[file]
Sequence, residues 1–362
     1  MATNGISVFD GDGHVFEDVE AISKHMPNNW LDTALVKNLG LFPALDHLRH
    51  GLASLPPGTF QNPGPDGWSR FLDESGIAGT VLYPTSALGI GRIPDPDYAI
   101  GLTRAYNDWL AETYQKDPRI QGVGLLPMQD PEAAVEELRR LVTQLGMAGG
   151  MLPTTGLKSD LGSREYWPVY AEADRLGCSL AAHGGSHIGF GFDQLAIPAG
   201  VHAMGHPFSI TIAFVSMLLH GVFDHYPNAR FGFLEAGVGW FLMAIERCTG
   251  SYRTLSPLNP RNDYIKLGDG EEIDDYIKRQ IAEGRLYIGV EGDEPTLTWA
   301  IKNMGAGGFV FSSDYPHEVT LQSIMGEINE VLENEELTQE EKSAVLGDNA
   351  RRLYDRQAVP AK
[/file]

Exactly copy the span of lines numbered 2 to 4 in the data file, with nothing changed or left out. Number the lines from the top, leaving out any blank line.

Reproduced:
     1  MATNGISVFD GDGHVFEDVE AISKHMPNNW LDTALVKNLG LFPALDHLRH
    51  GLASLPPGTF QNPGPDGWSR FLDESGIAGT VLYPTSALGI GRIPDPDYAI
   101  GLTRAYNDWL AETYQKDPRI QGVGLLPMQD PEAAVEELRR LVTQLGMAGG